Under section 58 of the Bankruptcy Act 1966, an individual’s property including the family home, lies in the hands of the bankruptcy trustee once they are declared bankrupt.

This trustee holds certain obligations to discharge and salvage the ownership of property for the bankrupt estate’s benefit. Section 116 of the Bankruptcy Act limits what property the bankrupt individual my hold and what is to be distributed out to creditors. This is the point where jointly owned property such as the family home can become confusing and harrowing to handle. Here, what is known as ‘the legal doctrine of exoneration’ applies.

The doctrine of exoneration alters respective interests in real property ownership. It is one of the only methods by which a spouse can gain equitable share of the family’s property in the case of the other spouse declaring bankruptcy.

Notably, the doctrine is only applicable when considered with the relevant particulars of a matter. Hence, a person should always retain adequate details of their property and monies tied to it; as this will be highly helpful when a non-bankrupt spouse asserts a claim over the bankrupt spouse.Further, the doctrine only applies based on the number of parties who are registered owners of the real property, where monetary loans were secured against the property and it was used only for the benefit of some owners as opposed to all. To illustrate this, we have provided an example as below:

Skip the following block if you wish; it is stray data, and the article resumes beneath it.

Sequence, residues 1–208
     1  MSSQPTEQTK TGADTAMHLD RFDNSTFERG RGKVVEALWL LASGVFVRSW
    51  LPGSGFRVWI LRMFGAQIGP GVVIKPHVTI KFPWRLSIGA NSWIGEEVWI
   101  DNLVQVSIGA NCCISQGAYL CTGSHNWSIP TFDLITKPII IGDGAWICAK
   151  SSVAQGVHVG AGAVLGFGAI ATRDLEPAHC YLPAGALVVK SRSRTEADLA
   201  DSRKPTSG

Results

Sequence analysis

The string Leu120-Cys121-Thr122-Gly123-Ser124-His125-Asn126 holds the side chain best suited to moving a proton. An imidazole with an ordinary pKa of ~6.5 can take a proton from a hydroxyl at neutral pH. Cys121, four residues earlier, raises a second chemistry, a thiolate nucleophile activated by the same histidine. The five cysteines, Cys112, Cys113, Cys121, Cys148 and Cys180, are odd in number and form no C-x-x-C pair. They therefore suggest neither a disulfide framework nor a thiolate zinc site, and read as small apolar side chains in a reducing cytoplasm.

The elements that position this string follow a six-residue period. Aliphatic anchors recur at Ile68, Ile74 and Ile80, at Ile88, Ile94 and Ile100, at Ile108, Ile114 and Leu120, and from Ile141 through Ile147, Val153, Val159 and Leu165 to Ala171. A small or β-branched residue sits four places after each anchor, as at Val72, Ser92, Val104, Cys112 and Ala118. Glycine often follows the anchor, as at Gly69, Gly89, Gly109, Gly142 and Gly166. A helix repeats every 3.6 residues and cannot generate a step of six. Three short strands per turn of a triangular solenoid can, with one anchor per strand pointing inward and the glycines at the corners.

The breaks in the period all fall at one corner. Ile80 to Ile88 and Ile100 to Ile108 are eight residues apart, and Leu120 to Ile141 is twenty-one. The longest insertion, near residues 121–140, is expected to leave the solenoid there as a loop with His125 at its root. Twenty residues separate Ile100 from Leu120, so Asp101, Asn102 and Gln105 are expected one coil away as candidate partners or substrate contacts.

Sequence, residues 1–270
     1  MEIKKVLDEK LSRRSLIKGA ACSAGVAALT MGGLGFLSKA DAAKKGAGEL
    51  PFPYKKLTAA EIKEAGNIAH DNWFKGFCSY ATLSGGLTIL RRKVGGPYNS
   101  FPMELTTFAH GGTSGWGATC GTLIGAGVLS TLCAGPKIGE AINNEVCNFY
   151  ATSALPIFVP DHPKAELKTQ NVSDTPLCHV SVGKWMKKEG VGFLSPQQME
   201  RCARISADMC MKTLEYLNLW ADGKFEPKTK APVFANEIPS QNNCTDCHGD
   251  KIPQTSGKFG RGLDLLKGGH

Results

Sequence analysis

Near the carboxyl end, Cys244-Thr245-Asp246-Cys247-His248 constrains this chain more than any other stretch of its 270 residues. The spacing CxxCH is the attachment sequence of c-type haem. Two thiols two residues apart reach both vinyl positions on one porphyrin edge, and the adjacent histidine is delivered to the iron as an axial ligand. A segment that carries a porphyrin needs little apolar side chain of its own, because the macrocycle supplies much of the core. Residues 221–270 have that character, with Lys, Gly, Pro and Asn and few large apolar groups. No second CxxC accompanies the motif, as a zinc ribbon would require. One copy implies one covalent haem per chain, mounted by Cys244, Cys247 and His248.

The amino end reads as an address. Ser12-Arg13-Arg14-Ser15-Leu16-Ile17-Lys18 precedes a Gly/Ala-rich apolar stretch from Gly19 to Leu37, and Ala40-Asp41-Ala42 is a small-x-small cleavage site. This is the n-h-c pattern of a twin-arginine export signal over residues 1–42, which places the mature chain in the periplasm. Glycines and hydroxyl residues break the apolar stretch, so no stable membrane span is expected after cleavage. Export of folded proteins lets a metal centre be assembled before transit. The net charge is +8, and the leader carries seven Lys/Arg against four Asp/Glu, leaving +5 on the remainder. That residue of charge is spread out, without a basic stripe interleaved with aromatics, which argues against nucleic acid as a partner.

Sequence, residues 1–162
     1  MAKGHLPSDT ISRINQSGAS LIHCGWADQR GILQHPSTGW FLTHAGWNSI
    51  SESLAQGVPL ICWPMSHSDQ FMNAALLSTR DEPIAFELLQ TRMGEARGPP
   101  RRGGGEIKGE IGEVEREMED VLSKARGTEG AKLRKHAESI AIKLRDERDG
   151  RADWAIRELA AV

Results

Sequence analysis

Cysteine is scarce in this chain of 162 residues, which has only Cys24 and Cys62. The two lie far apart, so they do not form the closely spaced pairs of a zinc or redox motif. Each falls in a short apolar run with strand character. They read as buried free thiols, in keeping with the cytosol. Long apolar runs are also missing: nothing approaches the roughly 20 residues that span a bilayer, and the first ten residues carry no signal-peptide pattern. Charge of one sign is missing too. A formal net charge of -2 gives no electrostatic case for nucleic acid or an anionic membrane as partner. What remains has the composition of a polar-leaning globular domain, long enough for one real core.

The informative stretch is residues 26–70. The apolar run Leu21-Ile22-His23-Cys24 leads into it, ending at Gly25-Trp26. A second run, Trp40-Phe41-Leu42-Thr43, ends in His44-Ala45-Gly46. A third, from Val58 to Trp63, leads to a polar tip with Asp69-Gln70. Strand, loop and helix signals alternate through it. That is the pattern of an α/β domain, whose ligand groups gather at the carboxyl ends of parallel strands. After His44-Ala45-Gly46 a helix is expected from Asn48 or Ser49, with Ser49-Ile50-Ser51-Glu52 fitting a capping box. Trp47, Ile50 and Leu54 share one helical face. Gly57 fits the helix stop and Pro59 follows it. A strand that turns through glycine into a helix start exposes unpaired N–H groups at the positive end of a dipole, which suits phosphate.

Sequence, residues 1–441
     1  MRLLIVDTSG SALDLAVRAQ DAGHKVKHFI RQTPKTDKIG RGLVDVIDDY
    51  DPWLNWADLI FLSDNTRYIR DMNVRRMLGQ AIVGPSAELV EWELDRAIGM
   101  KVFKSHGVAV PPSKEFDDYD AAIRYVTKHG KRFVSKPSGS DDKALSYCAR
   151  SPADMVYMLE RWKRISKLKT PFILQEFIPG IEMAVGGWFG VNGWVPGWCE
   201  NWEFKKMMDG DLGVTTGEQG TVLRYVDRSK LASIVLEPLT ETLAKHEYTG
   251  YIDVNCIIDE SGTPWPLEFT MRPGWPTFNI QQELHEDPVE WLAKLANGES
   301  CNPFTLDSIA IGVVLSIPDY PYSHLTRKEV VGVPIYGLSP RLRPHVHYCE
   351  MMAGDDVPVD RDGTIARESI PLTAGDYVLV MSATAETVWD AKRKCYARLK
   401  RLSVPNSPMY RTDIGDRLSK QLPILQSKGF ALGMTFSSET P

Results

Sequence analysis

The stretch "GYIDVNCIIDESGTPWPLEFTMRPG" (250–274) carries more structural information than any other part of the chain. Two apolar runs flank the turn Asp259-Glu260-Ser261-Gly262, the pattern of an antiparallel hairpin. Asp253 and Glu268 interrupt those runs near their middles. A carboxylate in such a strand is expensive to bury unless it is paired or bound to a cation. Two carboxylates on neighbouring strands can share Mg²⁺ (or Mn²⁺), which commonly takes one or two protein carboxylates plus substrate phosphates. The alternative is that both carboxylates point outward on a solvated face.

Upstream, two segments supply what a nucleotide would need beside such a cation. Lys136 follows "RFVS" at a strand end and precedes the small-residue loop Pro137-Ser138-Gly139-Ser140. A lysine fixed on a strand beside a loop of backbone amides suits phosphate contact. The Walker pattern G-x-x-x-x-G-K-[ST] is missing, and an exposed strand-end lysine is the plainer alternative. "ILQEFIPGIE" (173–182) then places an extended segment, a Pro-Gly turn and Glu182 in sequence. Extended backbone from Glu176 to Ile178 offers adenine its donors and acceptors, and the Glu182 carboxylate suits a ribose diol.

Adam and Elizabeth have a mortgage on their jointly owned house. The mortgage is for both their benefits. However, Adam undertakes a further loan for his own benefit, and secures it against the house. Under the doctrine of exoneration, Adam’s additional loan is solely for his benefit. Therefore, Elizabeth’s interest in the property’s equity is adjusted to reflect this. The doctrine applies in any such similar instance between co-owners regardless of relationship status (marriage, family members or de facto partners).

Therefore, if and when a person becomes bankrupt, they should consider whether the doctrine of exoneration applies to their property. It is vital that they retain and maintain documents/records for the property and further evidence the intentions or dealings of the parties to the property.


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